Do you use any programs similar to AutoHotkey? Do you have any similar tips the world shouldn’t go on without hearing about? Let me know in the comments.
I did not receive any form of compensation for this review. It is just my honest opinion. If you have another similar software that you think I’m missing out on let me know I’d love to check it out.
If you work in any type of professional setting or really any setting in the world except under a rock, using a computer is a requirement or will be one shortly. It is time to admit it and start becoming better at using one.
The skill level that got you to the point where you are now is not going to be good enough. Becoming more efficient is a necessity if you want to remain competitive.
One method available to make your life on the computer easier is to learn the commonly available shortcut keys or hot keys to every program you commonly use.
I recommend you read through the list I’ve provided down below and find the hot keys you could use. Print out a list of the all the hot keys and post it somewhere you can see. Next time you are performing an action that could use a hot key, stop and look at which keys you need to push to do the same action. The first couple times you do this it will be cumbersome and slower and feel like a step backwards, but remember your current skills are not good enough for tomorrow. Embrace change and soon you will be shaving seconds off every action you perform on the computer. I know it seems small, but as I’ve shown before little details can add up over time to become life changing amounts.
Do you waste time on your computer? My guess is you do. If you are like 66% of Americans, you waste time on your computer and wish you didn’t waste as much. I’m pretty sure you other 34% don’t have a computer or maybe waste time on a tablet or mobile device. When it comes to being efficient, losing track of time is a serious problem.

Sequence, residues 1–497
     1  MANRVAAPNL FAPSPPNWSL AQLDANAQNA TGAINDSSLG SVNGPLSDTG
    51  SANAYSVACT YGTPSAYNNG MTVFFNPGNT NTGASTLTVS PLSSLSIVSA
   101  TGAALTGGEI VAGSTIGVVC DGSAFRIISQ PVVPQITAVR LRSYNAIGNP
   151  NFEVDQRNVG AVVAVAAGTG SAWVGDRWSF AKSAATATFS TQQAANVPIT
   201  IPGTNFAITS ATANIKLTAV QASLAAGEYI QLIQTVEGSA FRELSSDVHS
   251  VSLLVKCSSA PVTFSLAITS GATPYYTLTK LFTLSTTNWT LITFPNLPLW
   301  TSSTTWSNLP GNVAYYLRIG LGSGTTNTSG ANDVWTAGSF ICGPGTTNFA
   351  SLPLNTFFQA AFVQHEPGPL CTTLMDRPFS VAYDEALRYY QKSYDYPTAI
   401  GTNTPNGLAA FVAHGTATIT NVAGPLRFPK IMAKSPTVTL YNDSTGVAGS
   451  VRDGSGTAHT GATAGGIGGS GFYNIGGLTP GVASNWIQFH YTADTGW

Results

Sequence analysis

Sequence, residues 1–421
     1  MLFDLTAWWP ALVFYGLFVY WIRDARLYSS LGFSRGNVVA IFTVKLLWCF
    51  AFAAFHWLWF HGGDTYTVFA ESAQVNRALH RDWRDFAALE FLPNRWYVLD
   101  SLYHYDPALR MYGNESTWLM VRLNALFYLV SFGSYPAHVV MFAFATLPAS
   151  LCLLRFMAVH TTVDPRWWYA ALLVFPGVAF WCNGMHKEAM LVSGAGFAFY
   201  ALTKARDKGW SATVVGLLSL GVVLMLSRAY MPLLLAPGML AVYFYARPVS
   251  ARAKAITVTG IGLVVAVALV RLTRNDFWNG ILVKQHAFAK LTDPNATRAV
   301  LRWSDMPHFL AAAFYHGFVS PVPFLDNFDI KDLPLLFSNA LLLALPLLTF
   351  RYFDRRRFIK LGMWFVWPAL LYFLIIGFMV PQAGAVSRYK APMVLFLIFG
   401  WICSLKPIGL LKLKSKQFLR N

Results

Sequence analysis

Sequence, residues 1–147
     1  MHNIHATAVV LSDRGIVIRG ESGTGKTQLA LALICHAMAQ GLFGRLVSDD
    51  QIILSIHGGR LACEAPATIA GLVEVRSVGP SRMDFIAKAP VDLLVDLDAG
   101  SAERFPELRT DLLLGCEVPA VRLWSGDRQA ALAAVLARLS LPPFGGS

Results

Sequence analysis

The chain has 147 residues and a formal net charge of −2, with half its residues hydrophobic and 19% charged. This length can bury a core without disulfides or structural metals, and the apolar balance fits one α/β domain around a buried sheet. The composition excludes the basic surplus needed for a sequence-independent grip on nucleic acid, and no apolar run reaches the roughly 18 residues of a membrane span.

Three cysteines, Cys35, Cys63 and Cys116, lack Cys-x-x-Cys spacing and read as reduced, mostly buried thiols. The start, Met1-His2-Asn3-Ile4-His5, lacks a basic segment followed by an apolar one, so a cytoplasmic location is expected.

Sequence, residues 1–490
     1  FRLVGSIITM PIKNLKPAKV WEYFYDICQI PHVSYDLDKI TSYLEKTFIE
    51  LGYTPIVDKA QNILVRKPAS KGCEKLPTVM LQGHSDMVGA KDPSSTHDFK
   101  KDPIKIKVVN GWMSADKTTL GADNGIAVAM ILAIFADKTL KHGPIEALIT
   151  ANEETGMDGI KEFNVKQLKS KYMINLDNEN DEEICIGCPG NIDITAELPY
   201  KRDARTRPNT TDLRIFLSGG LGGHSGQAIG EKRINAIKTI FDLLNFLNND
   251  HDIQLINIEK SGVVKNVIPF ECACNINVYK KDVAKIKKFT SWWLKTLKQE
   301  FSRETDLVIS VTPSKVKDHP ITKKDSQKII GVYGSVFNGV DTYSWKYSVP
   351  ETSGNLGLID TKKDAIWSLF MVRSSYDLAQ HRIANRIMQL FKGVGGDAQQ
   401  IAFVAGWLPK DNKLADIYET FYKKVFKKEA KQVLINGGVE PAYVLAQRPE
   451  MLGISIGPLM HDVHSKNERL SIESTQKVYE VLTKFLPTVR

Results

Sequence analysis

It is important to measure how efficient you are currently being with your time. When it comes to the time on the computer, Manic Time can help you with your time efficiency measurement needs. Manic Time automatically tracks which program on your computer is currently the active window, and every 5 seconds logs the current active window. The log should give you a fairly accurate idea of which windows and tabs you use. The program automatically stops recording data when the computer is not active.
The free version of Manic Time has all the features that an average person would use to track their computer usage time. The paid version mostly adds features that businesses would use for billing purposes.
Manic Time allows you to tag individual programs, tabs, or files under certain categories such as “productive,” “fun,” or whatever you come up with. Word documents might be classified as “productive” and Excel files classified as “fun” (I can’t help it… the engineer in me loves Excel). Reddit or Facebook might be classified as “unproductive.” You can classify any program as productive or unproductive as it fits you.
Manic Time also has an array of options to help you visually understand and analyze where your time is going. Here are a few screenshots of the data Manic Time can generate.
Finally I want to say there is nothing wrong with decompressing and wasting time on the computer, but this tool can help you be aware of that time.
I did not receive any form of compensation for this review. It is just my honest opinion. If you have another time tracking software that you think I’m missing out on let me know I’d love to check it out.